Micronesia – Quaint And Serene Islands Bursting With Colour
Country #149. Let’s start with the obvious. You didn’t know that Micronesia was a country, did you? To be fair, I had for many years believed it was a fictitious one. The (limited) plot of the film Zoolander sees the protagonist attempt to assassinate the president of Malaysia, which Hansel (the other protagonist) refers to incorrectly as Micronesia throughout the film.
Pohnpei, Micronesia. Most of the island is empty and unspoiled.
So, we have established that Micronesia exists. And I must tell you it is quite spectacular. Micronesia’s main island Pohnpei – one of over 600 in the country – is one of the most beautiful islands I have ever visited. It’s simply bursting with life. Colourful tropical flowers and vegetation jostle for any inch of available space. It felt like I was viewing everything in technicolour. Craggy volcanic peaks loom over the island. The rainforest-covered interior is largely impenetrable. The island’s road ‘network’ is comprised of a single track which loops around the circular island.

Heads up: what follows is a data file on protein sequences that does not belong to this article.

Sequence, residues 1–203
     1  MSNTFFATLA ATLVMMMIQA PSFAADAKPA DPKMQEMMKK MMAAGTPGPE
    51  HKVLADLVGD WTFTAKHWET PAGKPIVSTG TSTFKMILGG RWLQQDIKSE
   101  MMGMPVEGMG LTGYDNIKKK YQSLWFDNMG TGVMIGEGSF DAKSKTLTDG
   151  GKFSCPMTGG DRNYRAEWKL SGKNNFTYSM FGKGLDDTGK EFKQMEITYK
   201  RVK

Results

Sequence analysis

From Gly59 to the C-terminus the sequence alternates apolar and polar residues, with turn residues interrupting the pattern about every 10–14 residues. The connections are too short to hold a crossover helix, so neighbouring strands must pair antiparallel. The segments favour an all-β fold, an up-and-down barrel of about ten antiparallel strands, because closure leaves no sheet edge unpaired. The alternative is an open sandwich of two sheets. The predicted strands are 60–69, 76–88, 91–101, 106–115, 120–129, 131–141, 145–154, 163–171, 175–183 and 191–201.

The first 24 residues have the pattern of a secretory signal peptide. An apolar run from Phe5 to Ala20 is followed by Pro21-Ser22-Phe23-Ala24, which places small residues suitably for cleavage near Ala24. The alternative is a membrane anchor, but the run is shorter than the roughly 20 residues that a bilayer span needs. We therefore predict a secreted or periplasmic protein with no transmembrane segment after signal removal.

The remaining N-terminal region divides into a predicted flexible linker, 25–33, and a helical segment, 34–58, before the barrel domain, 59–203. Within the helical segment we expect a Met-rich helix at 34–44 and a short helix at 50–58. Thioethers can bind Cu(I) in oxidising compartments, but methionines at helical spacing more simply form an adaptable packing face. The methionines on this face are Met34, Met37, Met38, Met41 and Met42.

A Catholic church in Micronesia. Jesus is still very popular here.
Unearthing Historical Gems
Micronesia houses an astounding historical sight, which I had not even heard of before I visited. Nan Madol is the incredible 2,000-year-old ruins of an ancient city settlement, situated on the beach. Little is known about it. Even less is known about how its giant slabs of basalt – which must weigh tonnes – were hoisted into place. My guide assured me it must have been local “spirits”. With trees and vegetation growing out of the crumbling city walls, Nan Madol has striking similarities to the world-famous Ta Prohm, at Angkor Wat in Cambodia. You don’t know this either… where Tomb Raider was filmed, for the philistines among you.
Nan Madol, Micronesia. It’s a far sight more impressive than Stonehenge in the UK, which is around 100 times more famous and 100 times less imposing in the flesh.
The only difference between here and the Cambodian ruins is that you will have this UNESCO World Heritage site all to yourself. I felt like the man who ‘discovered’ Machu Picchu when I visited Nan Madol. Hiram Bingham III set his eyes on the historical sight in Peru in 1911. Despite locals knowing about it for generations, its existence was only formalised in the eyes of the world after a western person had seen it. Thank me later.